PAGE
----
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Restoring Southern Australian reefs with recycled seashells

By July 23, 2019 No Comments

Did you know the Great Barrier Reef isn’t the only reef under threat from pollution and habitat decline? The community’s attention is often fixed on Queensland, however all over Australia our reefs are disappearing. Since European settlement Australia has lost mostly all of it shellfish reef system, from Queensland, continuing down and around the southern coastline and onto Western Australia.

What’s causing this loss?

The cause of the reefs disappearance is due to continued dredging, over fishing and pollution. In one instance, a reef in Georges Bay, St Helens, Tasmania that was created by the Australian flat oyster has shrunk by 99%

The loss of the reefs causes massive losses of the echo systems they provide. The loss of habitat has a roll on effect to fish populations due to inadequate breeding grounds and food supply. Oyster and shellfish are also excellent water filters; the removal of these species has caused a decline in quality and turbidity of the sea water.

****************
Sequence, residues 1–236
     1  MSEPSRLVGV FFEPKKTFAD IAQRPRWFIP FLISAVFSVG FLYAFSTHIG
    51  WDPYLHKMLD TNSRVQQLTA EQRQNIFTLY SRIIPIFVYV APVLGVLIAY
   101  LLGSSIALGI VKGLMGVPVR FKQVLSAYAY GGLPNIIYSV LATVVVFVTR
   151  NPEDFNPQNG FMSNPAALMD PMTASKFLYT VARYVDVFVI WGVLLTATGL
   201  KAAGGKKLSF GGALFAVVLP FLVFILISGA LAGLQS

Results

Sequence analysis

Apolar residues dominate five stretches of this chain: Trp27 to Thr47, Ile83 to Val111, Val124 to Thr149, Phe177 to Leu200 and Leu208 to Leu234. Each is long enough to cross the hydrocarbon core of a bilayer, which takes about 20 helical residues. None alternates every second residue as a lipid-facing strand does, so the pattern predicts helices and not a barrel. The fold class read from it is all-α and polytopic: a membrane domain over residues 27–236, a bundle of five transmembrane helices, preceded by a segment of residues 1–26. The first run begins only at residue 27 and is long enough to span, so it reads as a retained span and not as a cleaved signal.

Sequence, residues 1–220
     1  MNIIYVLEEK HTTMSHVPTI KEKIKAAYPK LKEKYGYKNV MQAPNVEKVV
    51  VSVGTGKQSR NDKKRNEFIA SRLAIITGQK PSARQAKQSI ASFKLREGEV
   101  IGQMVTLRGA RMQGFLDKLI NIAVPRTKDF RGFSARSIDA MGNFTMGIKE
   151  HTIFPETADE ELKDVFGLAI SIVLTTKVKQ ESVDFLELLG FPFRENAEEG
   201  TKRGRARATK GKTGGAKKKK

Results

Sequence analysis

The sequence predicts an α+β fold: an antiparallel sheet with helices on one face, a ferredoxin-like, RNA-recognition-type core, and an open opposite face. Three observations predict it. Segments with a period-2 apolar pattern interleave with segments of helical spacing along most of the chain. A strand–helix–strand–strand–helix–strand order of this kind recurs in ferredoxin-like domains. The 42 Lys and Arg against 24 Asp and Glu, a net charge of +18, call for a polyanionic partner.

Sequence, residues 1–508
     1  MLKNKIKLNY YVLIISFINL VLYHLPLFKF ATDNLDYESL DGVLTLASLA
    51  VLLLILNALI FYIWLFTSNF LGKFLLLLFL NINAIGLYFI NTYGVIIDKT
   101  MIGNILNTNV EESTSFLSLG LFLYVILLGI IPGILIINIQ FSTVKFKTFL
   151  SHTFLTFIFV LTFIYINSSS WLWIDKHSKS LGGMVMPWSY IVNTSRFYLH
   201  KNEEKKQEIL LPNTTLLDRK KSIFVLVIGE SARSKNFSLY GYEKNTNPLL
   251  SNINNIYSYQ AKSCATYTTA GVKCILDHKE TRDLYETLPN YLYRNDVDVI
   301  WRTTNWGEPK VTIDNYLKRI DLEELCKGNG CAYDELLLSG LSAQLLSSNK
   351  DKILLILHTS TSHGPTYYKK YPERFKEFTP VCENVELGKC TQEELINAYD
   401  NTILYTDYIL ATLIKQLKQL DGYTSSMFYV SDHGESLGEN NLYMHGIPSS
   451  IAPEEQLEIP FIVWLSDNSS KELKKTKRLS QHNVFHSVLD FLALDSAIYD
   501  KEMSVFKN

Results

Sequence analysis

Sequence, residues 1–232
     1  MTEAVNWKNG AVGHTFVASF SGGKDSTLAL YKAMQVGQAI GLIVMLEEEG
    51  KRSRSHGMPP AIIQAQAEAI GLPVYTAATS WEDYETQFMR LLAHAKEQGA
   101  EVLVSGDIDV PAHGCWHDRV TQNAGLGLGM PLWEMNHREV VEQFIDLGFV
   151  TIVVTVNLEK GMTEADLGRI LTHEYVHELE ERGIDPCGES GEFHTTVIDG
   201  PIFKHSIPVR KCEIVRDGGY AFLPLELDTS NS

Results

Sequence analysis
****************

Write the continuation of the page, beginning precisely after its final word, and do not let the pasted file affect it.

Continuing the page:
Restoring the reefs

Thankfully there are organisations like The Nature Conservancy that are committed to restoring our reefs and ocean ecosystems.

The process involves laying limestone and scattering young farm grown oysters on the sea bed, in addition to recycled seafood shells from local restaurants collected through the Shuck don’t Chuck campaign.

The Australian Shellfish Reef Restoration Network was also created to help connect restoration practitioners, researchers and the community to help drive the national agenda on shellfish reef research.

You can help by donation to The Nature Conservancy Australia

Just $25 could help buy 850 baby oysters!!